Kevin Brennan Writes About What It's Like

Sideshow blob

What’s wrong with the publishing biz? Sameness.

I’ve been noticing the problem with book covers that the author of this piece observes: There’s a plethora of covers with bold shapes and colors—blobs—and the sameness of them screams category, genre, and formula. But one irony is that these books are often literary fiction. Most often by women and especially women of color, as pointed out in the article, but my question is, why are publishers trying to make litfic seem generic?

I’m sure what happened was, one of the early covers in this style did spectacularly better than expected, so editors and designers started piling on. Readers will think this new book is like that spectacularly successful one, and they’ll buy it even though they never heard of the author. It makes a weird but sad kind of sense.

There’ve been a lot of these trends in publishing over the years. We went through a long period of covers showing, usually, a woman with her back to us gazing out at some scenery, or a hazy void, or whatever (we still see a lot of those covers—heck, I copped it for Yesterday Road!). We’re welcome to use our imagination as to what she looks like. Probably we were meant to think of her as ourselves. We’ve also had the ubiquitous naked torso men, women with their bodices ripped from their shoulders, and inanimate objects like a worn pair of shoes or a vintage door. Yadda yadda yadda.

Style is one thing, but when there’s a marketing scheme behind the trend, you start to understand that the scheme isn’t limited to the cover images. It’s all about the content too, and that’s what really bugs me.

When the primary means of dissemination (the Big 5) converts a creative product into a mass-produced commodity, creativity is pushed into the backseat. Writers become masters of literary algorithms. They write toward that best-selling kind of cover. The character names change, but the scenarios and themes are always consistent and satisfy the appetite of some generic “reader” out there.

This new wave of colorful blob covers is just a message to that reader: This is what you want. It doesn’t even matter what the content is. The package is what’s being sold.

I don’t know when this trend will end and another one will swoop in to take its place. The next generation is probably out there already, but it’ll take some analysis of the sales reports for the publishers to start stamping them out en masse.

But maybe the blob covers still have legs enough to move a lot of books a while longer. They do seem like a kind of literary candy, don’t they? Everybody loves candy.

11 comments on “Sideshow blob

  1. loristory
    October 16, 2021

    I’ve also noticed that it’s advisable, when pitching a novel to an agent, to use a formula: what does your main character want, what is standing in their way, and what are the stakes? I guess every story needs a plot, but can’t it ever be different and still be a best-seller? I’m thinking Catcher in the Rye …

    • Kevin Brennan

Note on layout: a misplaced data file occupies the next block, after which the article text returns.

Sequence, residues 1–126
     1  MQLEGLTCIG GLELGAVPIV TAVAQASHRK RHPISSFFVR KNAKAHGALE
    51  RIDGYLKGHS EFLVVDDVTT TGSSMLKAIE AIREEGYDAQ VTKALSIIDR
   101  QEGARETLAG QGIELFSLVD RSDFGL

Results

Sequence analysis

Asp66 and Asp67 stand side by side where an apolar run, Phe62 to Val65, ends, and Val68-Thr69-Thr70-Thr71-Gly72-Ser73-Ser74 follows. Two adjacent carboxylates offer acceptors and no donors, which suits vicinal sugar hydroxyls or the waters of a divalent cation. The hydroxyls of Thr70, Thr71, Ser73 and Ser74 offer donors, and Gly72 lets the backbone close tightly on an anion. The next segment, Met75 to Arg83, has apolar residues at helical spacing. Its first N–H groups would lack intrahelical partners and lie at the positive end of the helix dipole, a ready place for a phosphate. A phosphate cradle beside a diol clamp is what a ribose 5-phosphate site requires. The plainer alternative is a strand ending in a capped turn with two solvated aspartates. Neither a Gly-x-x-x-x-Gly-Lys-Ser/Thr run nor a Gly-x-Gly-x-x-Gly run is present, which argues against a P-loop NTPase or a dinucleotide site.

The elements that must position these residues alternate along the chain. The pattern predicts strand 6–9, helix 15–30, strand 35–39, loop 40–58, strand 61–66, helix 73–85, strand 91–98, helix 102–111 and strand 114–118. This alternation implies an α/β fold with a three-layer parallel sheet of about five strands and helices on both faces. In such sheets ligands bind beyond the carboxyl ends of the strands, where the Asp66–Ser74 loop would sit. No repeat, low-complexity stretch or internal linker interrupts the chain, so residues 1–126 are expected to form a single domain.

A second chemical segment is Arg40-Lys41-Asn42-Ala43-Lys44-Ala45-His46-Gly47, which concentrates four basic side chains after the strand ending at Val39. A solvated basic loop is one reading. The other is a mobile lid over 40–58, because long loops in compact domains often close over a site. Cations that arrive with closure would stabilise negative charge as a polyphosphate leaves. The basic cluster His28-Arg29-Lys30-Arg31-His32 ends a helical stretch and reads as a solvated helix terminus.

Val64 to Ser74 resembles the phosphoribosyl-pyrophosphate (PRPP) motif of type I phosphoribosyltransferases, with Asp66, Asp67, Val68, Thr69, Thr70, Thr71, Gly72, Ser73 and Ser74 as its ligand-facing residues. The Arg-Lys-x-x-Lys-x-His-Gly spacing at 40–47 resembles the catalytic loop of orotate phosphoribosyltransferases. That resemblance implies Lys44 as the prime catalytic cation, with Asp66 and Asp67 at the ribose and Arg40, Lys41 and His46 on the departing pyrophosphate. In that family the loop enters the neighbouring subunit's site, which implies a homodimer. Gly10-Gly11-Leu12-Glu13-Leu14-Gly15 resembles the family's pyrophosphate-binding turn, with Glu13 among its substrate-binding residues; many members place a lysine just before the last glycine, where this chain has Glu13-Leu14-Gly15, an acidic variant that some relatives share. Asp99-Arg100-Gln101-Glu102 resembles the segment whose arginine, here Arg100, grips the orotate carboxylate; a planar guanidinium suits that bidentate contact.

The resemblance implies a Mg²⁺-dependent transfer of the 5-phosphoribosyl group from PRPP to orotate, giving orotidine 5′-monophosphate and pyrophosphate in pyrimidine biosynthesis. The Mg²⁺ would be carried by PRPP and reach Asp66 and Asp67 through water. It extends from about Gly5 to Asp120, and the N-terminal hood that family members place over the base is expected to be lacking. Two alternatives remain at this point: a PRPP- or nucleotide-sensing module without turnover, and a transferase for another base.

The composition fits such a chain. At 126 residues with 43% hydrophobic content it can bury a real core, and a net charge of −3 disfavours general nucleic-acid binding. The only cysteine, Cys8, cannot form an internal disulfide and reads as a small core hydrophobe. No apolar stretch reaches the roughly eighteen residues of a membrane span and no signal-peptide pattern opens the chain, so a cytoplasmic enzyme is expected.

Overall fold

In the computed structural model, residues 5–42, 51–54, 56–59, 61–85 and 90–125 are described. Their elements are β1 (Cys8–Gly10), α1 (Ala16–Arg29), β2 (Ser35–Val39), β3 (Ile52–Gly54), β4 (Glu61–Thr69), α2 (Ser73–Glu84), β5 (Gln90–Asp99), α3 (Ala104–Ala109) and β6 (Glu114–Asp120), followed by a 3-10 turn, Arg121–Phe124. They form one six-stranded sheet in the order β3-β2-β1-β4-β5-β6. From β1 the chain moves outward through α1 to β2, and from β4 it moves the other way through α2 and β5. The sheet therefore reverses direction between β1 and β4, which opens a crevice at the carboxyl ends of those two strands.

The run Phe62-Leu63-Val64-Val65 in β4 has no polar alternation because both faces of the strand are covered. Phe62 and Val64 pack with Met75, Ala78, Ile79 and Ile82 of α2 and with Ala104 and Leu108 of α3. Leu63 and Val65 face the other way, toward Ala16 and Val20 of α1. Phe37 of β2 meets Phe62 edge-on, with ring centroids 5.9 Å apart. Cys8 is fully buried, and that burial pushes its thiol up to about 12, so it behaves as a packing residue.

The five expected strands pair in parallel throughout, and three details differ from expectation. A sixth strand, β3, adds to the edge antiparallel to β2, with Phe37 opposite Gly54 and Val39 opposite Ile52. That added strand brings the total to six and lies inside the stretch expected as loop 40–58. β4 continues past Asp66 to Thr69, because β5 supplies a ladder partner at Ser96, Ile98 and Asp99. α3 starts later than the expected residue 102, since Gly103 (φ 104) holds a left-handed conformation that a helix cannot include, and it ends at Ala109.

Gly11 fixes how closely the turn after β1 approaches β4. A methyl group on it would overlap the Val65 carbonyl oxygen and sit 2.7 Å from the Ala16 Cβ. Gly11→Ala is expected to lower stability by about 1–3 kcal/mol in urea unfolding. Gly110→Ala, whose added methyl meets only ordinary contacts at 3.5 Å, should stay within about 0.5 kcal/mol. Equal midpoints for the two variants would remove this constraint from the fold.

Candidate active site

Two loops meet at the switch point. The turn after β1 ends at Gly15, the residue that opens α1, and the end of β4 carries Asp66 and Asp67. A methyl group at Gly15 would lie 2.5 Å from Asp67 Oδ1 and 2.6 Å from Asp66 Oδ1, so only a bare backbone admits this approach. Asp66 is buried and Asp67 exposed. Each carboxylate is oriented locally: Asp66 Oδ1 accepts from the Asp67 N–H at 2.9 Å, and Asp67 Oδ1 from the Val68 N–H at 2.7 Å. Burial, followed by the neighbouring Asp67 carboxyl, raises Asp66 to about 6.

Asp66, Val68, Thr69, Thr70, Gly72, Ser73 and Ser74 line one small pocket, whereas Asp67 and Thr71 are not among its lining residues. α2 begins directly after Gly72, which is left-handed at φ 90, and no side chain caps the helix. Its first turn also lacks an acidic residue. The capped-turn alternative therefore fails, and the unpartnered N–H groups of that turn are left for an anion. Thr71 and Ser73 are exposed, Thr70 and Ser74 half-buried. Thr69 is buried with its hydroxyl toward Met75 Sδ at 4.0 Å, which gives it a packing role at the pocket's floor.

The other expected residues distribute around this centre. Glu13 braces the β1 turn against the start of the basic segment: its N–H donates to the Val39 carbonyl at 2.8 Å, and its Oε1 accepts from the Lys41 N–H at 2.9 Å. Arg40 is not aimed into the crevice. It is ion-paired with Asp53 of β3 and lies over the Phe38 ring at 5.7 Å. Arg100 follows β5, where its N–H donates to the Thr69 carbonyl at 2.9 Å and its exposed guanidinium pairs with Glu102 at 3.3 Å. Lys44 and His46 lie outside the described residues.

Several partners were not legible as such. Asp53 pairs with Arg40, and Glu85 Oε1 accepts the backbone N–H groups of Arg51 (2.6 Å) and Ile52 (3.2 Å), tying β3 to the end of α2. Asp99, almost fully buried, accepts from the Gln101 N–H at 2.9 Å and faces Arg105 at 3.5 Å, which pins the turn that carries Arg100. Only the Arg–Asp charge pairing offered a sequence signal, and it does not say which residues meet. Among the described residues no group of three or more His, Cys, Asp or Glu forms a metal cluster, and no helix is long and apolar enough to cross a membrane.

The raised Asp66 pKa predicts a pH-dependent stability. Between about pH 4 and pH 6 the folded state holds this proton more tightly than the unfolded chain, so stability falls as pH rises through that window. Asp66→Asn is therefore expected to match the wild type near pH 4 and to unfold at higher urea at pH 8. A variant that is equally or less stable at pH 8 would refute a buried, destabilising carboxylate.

October 16, 2021

      That’s a problem I have when I query, because my novels don’t usually fit that paradigm. All the great books I loved through the years tended to fly in the face of convention …

  2. kingmidget
    October 16, 2021

    The interesting thing about those covers is that they say absolutely nothing about the story inside.

  3. Gary Trujillo
    October 16, 2021

    Contrary to popular belief, you CAN judge a book by its cover. And those covers obviously cater to the “live, laugh, love” housewife demographic.

    • Kevin Brennan
      October 18, 2021

      I’m afraid you’re right. That demo must spend a ton of $$$ on books …

  4. Audrey Driscoll
    October 16, 2021

    I can think of a few reasons: 1. Those bright colours are eyecatching. 2. Publishers may be trying to create a genre out of this type of literary fiction. 3. With thumbnail images on small screens, you don’t need detail, and the title (and maybe the author) must be legible.
    The covers you’ve featured really do look similar! One good thing is this type of image can be easily produced using something like Canva.

    • Kevin Brennan
      October 18, 2021

      Good points, Audrey. All of them add up to more money for the pubber. 😉

  5. Marie A Bailey
    October 18, 2021

    Whoa, as others have noted, these covers give no clue as to the content of the story. I don’t mind abstract designs, but these covers are just like so many tie-dyed t-shirts hung on a line. Now I love the cover for Yesterday Road because it hints at the story inside. I see this old man facing the road and I wonder where he’s going and why and then I realize if I just buy the book and read it, I’ll find out. I don’t get that feel at all with the covers at the top of your post. Sad, just sad.

    • Kevin Brennan
      October 18, 2021

      I loved the Yesterday Road cover when the artist turned it in, and just for the reason you give. It promises a story. You’ll learn who that man is and where he’s headed. Enjoy the ride. The new covers seem designed to provoke a reflex impulse to buy the book. Ugh.

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This entry was posted on October 16, 2021 by in Publishing and tagged , , , , .
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